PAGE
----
* In-flows to commodity ETFs, funds eases to $1.3 bln
* Monthly flows shrink from over $4 bln in Feb and March
* Total asset value at $175 bln, up $5 bln from month ago
* History of fund flows: r.reuters.com/qem79r
By Barani Krishnan
NEW YORK, May 26 (Reuters) - Monthly inflows to commodity-based products and mutual funds dipped to just $1.3 billion in April, just before commodities suffered their biggest correction since 2008, Lipper data showed on Thursday.
Net inflows to U.S.-regulated “commodity products” slid from $4.1 billion in March as investors exited some energy and broad index funds and focused on precious metals amid a rally in gold, according to the data tracking funds investing in physical commodities or derivatives, not corporate securities.
The Reuters-Jefferies CRB index .CRB, a global benchmark for commodities, rose about 3.0 percent in April, extending gains in three previous months. For May, the index is headed for a loss about 7.0 percent as commodities sold off after a rebound in the dollar and concerns on whether economic growth was enough to support oil prices at above $100 a barrel.
According to April’s data, SPDR Gold Shares (GLD) attracted the largest inflow of nearly $900 million, taking net assets to $60.7 billion, as gold prices rallied their most since November 2009. iShares Gold Trust (IAU) accounted for the second largest inflow, with just over $448 million.
Underlying shares of SPDR, the largest commodity fund tracked by Lipper, rose about 9 percent last month, almost as much the spot price of bullion, Thomson Reuters data showed. XAU=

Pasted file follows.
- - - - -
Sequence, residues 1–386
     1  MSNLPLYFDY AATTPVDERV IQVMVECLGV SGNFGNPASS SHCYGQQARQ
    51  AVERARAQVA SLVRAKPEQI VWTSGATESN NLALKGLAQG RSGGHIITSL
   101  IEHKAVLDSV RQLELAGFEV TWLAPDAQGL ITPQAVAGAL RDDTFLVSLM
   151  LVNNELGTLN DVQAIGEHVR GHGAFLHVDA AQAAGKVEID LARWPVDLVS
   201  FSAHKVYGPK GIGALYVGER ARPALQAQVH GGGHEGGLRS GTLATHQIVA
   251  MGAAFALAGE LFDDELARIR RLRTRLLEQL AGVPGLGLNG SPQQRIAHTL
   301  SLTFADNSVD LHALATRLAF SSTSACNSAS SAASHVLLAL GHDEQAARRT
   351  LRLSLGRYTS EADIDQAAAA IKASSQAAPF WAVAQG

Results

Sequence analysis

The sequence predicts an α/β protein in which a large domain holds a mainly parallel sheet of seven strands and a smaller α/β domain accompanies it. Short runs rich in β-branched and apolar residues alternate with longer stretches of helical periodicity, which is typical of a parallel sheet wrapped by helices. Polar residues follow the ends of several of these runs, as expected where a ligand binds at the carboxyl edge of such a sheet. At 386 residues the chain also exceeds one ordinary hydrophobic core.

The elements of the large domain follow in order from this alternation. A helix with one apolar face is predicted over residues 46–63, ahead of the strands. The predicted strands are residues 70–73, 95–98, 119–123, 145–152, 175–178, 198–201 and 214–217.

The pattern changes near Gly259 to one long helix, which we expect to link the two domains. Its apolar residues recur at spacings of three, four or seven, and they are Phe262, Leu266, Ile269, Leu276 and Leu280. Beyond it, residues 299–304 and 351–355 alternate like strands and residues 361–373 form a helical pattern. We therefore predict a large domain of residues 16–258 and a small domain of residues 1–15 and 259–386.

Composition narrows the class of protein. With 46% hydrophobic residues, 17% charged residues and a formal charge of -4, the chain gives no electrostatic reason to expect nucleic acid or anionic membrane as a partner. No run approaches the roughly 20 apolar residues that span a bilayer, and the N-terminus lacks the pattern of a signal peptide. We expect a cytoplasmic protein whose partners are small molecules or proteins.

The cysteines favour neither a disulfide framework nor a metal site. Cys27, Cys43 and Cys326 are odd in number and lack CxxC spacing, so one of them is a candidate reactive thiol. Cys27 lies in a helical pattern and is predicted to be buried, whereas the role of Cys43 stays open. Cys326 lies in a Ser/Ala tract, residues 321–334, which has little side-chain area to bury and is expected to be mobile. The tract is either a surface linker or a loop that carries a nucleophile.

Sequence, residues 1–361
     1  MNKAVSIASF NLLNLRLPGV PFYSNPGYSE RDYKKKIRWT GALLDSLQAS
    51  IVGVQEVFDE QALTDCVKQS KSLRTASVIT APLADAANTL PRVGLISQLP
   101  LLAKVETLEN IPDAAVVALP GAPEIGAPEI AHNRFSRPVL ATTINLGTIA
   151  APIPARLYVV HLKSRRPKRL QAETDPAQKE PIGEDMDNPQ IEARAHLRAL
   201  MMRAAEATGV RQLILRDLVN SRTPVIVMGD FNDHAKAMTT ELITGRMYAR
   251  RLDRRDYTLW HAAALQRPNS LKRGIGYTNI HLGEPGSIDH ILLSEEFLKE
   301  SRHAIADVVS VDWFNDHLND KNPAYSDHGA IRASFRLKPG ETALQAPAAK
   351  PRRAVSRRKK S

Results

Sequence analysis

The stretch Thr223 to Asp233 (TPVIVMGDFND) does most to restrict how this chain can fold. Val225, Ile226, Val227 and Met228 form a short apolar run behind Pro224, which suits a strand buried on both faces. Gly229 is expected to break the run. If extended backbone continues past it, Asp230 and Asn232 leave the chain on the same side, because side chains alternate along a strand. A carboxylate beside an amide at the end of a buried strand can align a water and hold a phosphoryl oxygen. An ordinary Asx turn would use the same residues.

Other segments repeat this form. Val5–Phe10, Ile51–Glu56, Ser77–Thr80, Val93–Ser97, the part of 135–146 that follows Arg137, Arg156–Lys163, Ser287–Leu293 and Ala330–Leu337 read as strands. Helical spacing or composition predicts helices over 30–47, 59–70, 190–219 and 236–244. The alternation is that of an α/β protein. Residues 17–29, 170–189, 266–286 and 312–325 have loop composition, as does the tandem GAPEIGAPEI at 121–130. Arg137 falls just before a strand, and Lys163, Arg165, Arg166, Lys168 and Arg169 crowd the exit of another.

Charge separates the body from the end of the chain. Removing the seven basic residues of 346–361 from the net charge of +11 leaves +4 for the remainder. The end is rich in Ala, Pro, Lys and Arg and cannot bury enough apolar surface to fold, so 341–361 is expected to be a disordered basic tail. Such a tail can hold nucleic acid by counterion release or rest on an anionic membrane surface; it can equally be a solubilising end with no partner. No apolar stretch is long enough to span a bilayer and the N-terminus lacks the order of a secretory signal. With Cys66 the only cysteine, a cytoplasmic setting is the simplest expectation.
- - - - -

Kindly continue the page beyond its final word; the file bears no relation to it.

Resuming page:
The U.S. Oil Fund (USO) witnessed the largest outflow in April, reversing almost a third of March’s inflows.
This was despite crude prices CLc1 LCOc1 being strong through April, extending first quarter gains made from crises in Middle East and North African oil producing countries.
The biggest commodity mutual fund operator, PIMCO, saw the second largest outflow on its CommodityRealReturn Strategy Fund for institutional investors. The fund is benchmarked against the Dow Jones-UBS Commodity Index Total Return index .DJBUSTR.
In separate data, Barclays Capital said a much broader range of global commodity products that it tracks -- including index-linked swaps, short-term notes and other funds -- saw inflows of $5.8 billion in April, taking total investments to a new all-time high of $451 billion.[ID:nLDE74P21N]
Notwithstanding the latest decline in inflows, total net assets in the funds tracked by Lipper rose to about $176 billion from around $163 billion in March.
Lipper’s data does not include fund holdings of over-the-counter indices or direct investment in futures or physical commodities, or hedge funds. Lipper’s historical data includes only funds that are currently in operation.
The rising flow of investor capital into commodities earlier this year -- aided by the advent of mutual and exchange-traded funds that allow institutions to avoid the complex futures markets and invest as they would into stocks or bonds -- reopened the debate about whether speculators were responsible for artificially inflating prices.
While numerous studies have sought to disprove any causal link, most analysts agree that multi-billion-dollar allocation shifts into the relatively smaller, less-liquid commodity markets can have a short-term impact on prices.
Editing by Jonathan Leff